A MOTHER fears that she will not be able to feed her children after the cost of living increases.
Faye from Fife, Scotland, has relied heavily on General Credit Benefit as a way to survive.
But she has only £17 left for food and other household necessities at the end of the month after her rent and bills are paid.
The 38-year-old man said to Daily record: “Right now I’m just trying to keep my head above the water and it’s a constant stress that I won’t make it through the month.
“I don’t go out, I just pay the bills and do the most basic shopping I can.
“My daughter has asthma, so I need to heat the house.”
Faye now says she can’t sleep at the prospect of bankruptcy after experts predicted bills could soar to £1,900.
“I had sleepless nights worrying about what would happen if I didn’t keep enough money for food and I ended up in a position where social services wanted to take Ayla away,” she added.
“It was a terrifying thought. I could never have let that happen but it’s something that’s constantly on your mind when you’re so close to the edge. “
Faye, who plans to become a teacher, has said that she is struggling with the daily price.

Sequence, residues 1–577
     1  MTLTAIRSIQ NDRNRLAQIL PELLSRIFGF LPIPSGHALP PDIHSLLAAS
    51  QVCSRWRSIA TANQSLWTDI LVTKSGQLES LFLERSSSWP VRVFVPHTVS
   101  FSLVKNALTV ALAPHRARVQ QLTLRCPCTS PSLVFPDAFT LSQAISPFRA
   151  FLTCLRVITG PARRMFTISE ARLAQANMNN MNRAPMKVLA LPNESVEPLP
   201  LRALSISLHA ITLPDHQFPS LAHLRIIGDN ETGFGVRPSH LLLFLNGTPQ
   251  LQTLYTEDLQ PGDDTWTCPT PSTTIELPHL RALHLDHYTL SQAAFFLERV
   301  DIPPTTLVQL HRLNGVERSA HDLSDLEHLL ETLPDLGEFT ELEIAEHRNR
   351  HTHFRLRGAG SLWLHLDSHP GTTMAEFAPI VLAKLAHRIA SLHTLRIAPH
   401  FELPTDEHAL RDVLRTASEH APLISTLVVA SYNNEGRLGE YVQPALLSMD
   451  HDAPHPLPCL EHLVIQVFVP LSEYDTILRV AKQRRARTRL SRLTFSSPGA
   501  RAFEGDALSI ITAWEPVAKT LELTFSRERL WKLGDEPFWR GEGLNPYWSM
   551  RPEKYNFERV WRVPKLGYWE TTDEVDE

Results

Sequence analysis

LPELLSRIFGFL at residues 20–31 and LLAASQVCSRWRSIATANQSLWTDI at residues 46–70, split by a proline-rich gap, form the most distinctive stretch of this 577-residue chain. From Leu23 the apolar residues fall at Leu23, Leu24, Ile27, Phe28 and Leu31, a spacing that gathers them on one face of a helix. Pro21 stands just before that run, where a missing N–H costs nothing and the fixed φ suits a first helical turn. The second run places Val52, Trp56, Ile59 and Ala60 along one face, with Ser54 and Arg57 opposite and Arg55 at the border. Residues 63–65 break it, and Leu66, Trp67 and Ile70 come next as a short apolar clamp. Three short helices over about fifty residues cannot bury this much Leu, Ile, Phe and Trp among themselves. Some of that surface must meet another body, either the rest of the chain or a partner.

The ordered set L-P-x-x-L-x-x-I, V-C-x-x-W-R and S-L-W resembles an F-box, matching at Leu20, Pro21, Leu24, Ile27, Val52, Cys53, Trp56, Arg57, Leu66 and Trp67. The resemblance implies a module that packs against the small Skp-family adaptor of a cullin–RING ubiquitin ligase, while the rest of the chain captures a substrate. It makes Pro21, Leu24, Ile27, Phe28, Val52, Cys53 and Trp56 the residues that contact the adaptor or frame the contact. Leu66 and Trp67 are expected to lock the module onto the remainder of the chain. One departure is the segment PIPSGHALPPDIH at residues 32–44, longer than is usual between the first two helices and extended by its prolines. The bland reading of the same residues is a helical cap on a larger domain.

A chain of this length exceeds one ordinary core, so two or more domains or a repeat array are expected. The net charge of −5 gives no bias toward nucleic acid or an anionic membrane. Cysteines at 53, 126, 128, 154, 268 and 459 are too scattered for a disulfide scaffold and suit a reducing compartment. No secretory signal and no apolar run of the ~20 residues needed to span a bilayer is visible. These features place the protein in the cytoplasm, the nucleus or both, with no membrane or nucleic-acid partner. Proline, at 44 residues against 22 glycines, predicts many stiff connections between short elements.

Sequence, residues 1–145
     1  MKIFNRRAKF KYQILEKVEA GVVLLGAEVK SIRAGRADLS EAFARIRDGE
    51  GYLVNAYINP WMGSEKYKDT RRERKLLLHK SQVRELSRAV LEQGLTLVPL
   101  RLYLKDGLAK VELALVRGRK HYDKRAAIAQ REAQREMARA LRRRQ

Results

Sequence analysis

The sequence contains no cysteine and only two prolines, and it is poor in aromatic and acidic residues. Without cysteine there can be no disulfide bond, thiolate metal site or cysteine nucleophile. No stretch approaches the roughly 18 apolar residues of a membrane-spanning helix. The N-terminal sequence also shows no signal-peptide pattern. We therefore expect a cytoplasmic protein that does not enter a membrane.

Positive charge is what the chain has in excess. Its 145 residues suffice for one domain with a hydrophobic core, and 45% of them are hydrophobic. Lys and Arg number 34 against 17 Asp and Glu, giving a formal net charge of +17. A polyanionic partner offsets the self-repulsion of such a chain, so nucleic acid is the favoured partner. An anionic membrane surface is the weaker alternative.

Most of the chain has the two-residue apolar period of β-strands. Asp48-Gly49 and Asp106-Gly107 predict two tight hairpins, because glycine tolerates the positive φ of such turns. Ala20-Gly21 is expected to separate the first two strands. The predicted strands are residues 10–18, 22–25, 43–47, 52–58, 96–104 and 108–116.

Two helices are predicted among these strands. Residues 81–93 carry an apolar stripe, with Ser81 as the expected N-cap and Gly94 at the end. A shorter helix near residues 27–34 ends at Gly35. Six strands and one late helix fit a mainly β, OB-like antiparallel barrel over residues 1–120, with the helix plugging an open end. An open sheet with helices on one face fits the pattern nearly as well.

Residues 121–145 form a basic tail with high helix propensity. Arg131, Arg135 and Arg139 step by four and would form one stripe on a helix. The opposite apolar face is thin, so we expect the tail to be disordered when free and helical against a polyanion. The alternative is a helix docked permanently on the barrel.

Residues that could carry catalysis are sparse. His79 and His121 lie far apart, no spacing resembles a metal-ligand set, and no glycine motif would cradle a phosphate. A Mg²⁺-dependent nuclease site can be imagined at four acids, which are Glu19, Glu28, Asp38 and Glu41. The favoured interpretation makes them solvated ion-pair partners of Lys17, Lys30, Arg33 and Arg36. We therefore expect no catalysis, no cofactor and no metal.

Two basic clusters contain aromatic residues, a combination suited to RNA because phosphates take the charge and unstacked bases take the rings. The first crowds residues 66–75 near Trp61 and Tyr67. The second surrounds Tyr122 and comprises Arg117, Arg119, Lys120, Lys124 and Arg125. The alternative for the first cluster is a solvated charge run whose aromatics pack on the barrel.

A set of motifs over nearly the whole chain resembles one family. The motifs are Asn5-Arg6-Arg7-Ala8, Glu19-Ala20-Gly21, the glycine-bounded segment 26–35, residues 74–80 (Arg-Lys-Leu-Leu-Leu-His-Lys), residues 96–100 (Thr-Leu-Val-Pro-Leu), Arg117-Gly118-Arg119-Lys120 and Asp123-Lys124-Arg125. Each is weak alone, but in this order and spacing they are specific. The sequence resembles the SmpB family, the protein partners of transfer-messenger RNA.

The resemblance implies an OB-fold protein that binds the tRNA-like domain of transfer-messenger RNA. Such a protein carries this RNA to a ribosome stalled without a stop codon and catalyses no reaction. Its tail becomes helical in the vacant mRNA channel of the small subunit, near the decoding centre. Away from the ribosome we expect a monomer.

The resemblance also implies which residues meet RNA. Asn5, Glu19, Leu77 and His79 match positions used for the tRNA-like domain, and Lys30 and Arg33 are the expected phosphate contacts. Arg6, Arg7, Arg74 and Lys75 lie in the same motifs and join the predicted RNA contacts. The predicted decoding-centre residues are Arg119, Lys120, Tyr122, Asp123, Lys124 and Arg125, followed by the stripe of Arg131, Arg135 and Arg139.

She said: “Things like a pair of tights used to cost £4 but now they cost £7. Vegetables are on the rise – a bag of potatoes is about £40p more expensive than the original.
“It may not seem like a lot for one thing but it is a lot when it is on a large scale.
“I am terrified of what will happen when my fixed-price gas and electricity purchase contract ends in the summer.
“I pay £150 and if that doubles, as people say, it wipes me out.
“Clearly inflation is above 5% for low-income people and the effects will be devastating for millions.”
There has been a worldwide squeeze on gas and energy supplies over the past year – meaning wholesale gas prices have risen to unprecedented levels.
The reasons behind this dramatic increase include a particularly cold winter last year, a windless summer hindering wind farms, and an increase in demand from China.
The price cap, set by energy regulator Ofgem, could soar to £1,897 for the average user, up from the current level of £1,277.
That’s a 48% increase, according to an analysis by industry experts by Cornwall Insight.
As the Telegraph reports, this estimate falls only slightly from the most dramatic projections suggesting energy bills could hit £2,000 this spring.
Based on its February-July gas price forecasts, Cornwall Insight believes the price cap is likely to rise again in October – to £2,054.46.
https://www.thesun.ie/money/8285881/mother-fears-completely-broke-cost-living-increase/ I won’t break 17 pounds after raising my bill